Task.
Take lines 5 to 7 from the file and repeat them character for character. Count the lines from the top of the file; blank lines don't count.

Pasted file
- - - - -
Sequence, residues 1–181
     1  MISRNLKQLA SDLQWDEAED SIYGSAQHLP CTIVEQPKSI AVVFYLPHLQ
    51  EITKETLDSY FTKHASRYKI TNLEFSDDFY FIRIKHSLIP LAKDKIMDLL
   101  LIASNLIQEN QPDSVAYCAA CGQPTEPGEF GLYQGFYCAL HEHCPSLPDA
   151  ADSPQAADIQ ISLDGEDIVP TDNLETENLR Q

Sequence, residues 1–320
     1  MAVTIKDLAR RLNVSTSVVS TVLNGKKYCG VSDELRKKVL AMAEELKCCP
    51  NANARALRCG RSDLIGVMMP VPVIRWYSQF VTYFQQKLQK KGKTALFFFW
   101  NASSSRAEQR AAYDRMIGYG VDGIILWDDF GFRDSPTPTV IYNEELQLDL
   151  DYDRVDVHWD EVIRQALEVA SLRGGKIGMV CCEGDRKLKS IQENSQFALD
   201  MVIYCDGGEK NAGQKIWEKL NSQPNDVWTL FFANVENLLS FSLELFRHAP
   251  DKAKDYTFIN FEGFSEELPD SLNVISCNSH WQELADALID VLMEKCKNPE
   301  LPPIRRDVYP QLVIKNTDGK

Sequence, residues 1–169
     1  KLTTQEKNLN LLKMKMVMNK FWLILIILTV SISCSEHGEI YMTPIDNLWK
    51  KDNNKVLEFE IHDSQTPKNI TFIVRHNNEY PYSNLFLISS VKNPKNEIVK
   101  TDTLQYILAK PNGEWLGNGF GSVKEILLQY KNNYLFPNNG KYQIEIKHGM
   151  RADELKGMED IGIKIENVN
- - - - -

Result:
   151  ADSPQAADIQ ISLDGEDIVP TDNLETENLR Q

Sequence, residues 1–320
     1  MAVTIKDLAR RLNVSTSVVS TVLNGKKYCG VSDELRKKVL AMAEELKCCP